A new study by Swiss scientists has shown that Venus has always been too hot for the oceans and never developed. The results are published in the journal Nature.

Like all newborn planets, young Venus was very hot – too hot for oceans of liquid water. Previous simulations have shown that at some point in its development, the planet cooled down sufficiently, thanks in large part to clouds that reflected a lot of solar radiation. In addition, the dim young Sun did not affect the planet as much.

In a new study, scientists led by Martin Turbet, a researcher at the Geneva Astronomical Observatory in Switzerland, re-modeled the climate of ancient Venus. They came up with an unexpected result.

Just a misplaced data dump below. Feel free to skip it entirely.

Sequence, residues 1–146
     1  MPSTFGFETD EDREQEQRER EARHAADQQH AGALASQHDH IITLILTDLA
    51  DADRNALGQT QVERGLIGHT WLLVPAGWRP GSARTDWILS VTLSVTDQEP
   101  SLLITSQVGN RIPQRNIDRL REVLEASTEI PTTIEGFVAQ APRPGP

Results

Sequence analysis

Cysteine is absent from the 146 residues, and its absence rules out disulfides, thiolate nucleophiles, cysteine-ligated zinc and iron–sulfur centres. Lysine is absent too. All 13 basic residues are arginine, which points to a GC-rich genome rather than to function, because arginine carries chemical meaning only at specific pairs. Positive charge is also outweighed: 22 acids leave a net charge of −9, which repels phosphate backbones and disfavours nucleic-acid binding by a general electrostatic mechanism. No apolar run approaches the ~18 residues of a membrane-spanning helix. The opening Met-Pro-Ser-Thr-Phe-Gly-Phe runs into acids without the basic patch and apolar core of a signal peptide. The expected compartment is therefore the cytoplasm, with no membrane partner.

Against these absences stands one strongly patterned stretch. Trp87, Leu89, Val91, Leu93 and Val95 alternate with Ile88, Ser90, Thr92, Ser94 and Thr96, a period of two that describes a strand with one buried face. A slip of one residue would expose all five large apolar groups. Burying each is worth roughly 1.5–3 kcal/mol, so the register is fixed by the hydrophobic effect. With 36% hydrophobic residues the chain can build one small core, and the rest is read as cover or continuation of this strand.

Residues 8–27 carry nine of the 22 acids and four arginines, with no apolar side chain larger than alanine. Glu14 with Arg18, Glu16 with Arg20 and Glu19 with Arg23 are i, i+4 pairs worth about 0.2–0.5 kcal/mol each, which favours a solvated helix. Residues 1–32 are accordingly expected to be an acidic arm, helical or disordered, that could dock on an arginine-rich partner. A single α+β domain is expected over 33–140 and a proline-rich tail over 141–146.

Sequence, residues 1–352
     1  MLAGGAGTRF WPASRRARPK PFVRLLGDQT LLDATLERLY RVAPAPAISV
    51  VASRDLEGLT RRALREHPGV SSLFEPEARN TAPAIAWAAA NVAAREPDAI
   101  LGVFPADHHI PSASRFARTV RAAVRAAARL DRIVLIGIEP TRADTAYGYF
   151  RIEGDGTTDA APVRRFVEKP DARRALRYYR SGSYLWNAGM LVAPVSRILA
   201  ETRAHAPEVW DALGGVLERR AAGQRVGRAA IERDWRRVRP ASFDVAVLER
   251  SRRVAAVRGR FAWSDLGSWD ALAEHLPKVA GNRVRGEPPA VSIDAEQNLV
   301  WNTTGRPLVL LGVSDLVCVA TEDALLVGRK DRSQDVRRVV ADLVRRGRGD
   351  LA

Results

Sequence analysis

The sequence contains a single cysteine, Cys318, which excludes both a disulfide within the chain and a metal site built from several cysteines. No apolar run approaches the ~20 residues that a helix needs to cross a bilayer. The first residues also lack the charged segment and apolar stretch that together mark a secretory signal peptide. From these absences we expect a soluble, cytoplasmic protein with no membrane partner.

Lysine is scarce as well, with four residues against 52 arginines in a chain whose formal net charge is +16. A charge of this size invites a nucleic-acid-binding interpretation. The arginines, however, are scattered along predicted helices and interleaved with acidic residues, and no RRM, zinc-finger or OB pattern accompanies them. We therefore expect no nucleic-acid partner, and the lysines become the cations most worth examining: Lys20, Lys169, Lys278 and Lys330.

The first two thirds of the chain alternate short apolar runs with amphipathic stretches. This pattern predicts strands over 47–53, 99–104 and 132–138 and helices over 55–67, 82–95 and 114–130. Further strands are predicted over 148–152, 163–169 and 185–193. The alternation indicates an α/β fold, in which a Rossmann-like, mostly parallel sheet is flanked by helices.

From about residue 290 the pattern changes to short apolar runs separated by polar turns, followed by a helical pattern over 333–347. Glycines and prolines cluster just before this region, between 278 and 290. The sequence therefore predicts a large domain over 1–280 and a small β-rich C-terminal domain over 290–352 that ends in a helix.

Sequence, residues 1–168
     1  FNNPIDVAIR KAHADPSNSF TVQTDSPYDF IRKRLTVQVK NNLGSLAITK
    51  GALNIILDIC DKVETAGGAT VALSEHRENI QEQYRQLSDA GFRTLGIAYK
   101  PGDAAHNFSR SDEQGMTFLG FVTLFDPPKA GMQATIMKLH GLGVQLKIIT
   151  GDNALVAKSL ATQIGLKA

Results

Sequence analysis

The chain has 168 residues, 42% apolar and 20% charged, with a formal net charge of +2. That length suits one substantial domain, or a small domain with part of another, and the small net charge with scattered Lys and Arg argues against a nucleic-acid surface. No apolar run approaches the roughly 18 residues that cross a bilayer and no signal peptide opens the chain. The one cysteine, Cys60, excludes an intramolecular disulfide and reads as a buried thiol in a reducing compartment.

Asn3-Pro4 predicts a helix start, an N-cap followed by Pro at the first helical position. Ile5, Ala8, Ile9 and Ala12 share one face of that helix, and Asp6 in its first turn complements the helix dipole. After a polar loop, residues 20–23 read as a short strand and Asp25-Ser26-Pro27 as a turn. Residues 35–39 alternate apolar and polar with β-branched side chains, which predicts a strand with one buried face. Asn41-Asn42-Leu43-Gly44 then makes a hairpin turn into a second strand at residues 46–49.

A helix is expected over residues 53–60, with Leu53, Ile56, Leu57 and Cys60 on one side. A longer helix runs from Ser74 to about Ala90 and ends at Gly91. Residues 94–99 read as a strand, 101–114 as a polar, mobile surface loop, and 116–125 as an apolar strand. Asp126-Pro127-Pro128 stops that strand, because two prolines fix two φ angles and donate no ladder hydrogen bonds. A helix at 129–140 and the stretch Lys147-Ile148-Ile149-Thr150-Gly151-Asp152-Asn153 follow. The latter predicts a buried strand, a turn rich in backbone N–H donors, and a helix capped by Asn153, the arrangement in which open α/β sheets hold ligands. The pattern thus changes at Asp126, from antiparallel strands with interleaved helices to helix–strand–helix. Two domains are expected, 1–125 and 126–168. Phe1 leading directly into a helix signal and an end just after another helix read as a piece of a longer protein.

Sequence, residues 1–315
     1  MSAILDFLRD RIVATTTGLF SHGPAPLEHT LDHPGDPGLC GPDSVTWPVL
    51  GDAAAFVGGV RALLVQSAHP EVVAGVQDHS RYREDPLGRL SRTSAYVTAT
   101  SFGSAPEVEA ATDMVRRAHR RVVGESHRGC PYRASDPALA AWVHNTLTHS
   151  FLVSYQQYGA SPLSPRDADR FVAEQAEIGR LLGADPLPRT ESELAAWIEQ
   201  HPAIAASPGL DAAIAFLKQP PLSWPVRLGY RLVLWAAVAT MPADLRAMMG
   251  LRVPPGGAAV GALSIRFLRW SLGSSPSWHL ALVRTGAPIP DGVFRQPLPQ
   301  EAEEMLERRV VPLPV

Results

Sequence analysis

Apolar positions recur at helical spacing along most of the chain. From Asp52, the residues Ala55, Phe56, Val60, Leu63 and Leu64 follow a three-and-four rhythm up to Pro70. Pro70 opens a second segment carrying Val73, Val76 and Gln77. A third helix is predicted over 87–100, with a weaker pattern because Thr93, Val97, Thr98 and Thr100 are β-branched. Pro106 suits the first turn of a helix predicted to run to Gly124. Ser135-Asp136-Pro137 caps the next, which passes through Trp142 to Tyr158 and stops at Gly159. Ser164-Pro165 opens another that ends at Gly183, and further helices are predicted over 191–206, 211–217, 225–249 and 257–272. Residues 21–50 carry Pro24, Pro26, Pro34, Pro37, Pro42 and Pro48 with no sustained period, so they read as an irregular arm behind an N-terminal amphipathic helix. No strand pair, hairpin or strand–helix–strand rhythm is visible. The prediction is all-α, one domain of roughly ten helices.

Turbet and his colleagues found that on young Venus, clouds were useless in terms of protecting the planet. They not only did not reflect sunlight, but they also heated Venus, creating a greenhouse effect, trapping a lot of heat. Thus, the planet never cooled down enough for it to rain and form rivers, lakes, and oceans.

In recent years, researchers have increasingly seen Venus as a potential place to search for traces of life and possible refuge in the future, for example, in its clouds. Several studies and simulations have shown that ancient Venus had large oceans and a mild climate that persisted for several billion years.

Today this planet is completely uninhabitable – its dry surface is so hot that it can melt lead. But some scientists have argued that life on Venus could exist in clouds at an altitude of about 50 km, where temperature and pressure are not so severe. However, the new study shatters all hopes.